While Vilas County is certainly home to some smaller fisheries, it also boasts some bigger well-know bodies of water as well. “On larger lakes, if the conditions allow it, I would recommend doing some sight fishing,” Manthei begins. “Jig and Reaper combinations are the best thing for this style of fishing, hands down. Look for large shallow sand flats and spot the muskies cruising. Cast out in front of them and try to entice the fish.”
For More Information:
Rob Manthei
Phone: 715-891-0049

Hayward Area:
Chippewa Flowage legend Dave Dorazio has seen plenty of opening weekends like this in his illustrious career, and knows just what it takes to catch muskies from Wisconsin’s Northwestern region after a cold spring. “I expect that the 2014 musky opener will be a bit different than many anglers are used to,” Dorazio beings. He adds, “Due to the long, cold winter and late spring, weed growth will be minimal. Do not pass up any green weeds that you find! When the weeds are nearly nonexistent, a few short, scraggly green weeds can be enough to hold a nice fish.” What if the body of water or section of lake you are fishing does not have any weeds? “Look for rock bars and areas with wood cover,” Dave suggests, “Muskies on the Chip will use woody and boggy areas if weeds are not present.”

With location covered, Dorazio embellishes on his most productive lures for late-spring muskies. “My favorite lures for the spring season are 6" minnow baits, specifically, the 6" Slammer - perch and walleye patterns produce fish, but my favorite by far is the Red Dragon,” he notes as if sharing a long-held family secret. Dave prefers to twitch these baits and insists on always incorporating a pause into the retrieve. “Many muskies will be triggered by this pause!” he exclaims vehemently. Twitch baits are not the only weapon in Dave’s arsenal however. “If water temps are warming, I like to try a small bucktail. I prefer the Ghost Tails in the 5" model,” he explains. As he notes, “With a bucktail, you can cover more water in search of active muskies.”
For more information:
Dave Dorazio
Phone: 715-558-4591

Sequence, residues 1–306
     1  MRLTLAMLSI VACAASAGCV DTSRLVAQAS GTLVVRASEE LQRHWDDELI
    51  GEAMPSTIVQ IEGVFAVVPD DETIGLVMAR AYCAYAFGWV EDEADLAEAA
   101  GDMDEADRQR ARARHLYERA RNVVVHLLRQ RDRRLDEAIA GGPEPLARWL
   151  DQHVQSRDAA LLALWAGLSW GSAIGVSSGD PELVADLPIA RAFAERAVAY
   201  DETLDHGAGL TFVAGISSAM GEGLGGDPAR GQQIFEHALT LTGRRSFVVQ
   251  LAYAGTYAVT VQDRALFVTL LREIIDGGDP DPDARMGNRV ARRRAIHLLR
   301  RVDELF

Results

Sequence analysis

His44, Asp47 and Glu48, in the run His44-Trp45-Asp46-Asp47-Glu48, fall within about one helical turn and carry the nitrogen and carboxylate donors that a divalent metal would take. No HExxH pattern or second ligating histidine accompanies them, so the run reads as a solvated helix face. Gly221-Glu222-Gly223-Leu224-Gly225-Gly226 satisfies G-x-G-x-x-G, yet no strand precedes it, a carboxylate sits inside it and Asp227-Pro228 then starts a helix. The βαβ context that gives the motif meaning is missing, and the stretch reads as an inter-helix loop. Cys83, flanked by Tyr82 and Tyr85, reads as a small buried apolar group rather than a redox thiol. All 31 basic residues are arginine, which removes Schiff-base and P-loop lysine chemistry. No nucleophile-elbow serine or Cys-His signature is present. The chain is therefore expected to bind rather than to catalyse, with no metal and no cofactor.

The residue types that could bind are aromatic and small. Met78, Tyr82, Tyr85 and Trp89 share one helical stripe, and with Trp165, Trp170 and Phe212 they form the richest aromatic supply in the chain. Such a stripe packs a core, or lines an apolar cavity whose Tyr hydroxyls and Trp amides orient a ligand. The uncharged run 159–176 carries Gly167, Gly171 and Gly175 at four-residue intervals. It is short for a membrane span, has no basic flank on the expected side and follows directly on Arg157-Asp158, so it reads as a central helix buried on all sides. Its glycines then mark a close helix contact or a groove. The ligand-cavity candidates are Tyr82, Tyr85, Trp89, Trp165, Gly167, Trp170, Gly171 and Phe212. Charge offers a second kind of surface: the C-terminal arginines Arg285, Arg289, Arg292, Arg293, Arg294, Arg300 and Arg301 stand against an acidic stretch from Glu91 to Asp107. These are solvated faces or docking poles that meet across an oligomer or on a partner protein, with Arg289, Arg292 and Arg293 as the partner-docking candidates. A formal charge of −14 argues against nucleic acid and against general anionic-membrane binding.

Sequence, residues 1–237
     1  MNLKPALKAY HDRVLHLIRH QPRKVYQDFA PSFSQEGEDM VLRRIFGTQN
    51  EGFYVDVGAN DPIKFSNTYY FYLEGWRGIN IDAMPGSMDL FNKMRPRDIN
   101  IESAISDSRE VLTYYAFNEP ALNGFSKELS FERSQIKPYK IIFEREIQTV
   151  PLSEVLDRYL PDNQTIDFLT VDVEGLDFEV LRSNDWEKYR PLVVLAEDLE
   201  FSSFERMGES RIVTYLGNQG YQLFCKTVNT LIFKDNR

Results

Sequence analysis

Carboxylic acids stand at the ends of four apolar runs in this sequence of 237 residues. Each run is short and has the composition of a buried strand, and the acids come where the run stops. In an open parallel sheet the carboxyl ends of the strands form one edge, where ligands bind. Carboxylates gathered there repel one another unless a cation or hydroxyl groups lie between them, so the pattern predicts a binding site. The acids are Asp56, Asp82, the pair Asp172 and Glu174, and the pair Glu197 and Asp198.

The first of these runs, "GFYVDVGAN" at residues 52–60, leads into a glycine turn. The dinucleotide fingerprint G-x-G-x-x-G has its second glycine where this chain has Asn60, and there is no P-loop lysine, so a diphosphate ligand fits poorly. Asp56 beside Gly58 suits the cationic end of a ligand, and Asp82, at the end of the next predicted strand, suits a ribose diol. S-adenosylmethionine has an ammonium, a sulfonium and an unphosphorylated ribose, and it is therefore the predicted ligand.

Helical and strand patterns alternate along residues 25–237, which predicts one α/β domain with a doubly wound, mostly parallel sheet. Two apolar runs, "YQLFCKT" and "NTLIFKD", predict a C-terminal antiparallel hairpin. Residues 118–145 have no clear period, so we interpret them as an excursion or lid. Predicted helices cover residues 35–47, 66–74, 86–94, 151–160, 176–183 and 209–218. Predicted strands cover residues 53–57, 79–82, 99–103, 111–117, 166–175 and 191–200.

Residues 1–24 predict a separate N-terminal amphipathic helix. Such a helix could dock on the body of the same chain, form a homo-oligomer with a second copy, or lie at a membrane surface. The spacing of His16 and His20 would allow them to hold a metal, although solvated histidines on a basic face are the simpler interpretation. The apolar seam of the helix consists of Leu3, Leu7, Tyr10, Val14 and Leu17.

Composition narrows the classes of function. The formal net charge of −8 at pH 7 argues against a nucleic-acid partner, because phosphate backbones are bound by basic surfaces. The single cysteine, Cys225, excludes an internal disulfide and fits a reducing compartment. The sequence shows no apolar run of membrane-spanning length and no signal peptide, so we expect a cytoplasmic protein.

Bay of Green Bay/Fox River:
One of Green Bay’s most noted musky authorities, Captain Brett Jolly, notes that with the late spring fish will be shallow and still spawning. “Look for shallow bays and tributary rivers off of the bay,” he suggests. Going on Captain Jolly notes, “You can expect big crowds on the Fox River. I recommend avoiding the crowds to catch more fish.” With that in mind, where does a Green Bay area angler fish then? Captain Jolly adds in a hushed tone, “The bays and rivers to the North will hold a lot of fish and they will be far less pressured. That's where I'll be!”

As for lure selection, Jolly offers anglers plying the waters of the bay of Green Bay with a couple of suggestions. “Typically small bucktails like Spanky's Double 8 or twitch baits like the Musky Innovations Shallow Invader will be best,” he shares. Anglers need remain versatile though as Brett adds, “At times top waters and jerk baits will produce as well. In dirtier water brighter baits and gold or copper blades will work best. Small baits will likely be best but don't be afraid to throw some bigger double-tens if it is hot out.” On a final note, anglers may want to keep the planer boards and trolling rods at the ready as Captain Brett explains, “Trolling is always a good option, as pre-spawn or post spawn fish often suspend adjacent to shallow spawning areas.”
For more information:
Captain Brett Jolly
Phone: 715-581-5678

Tight lines,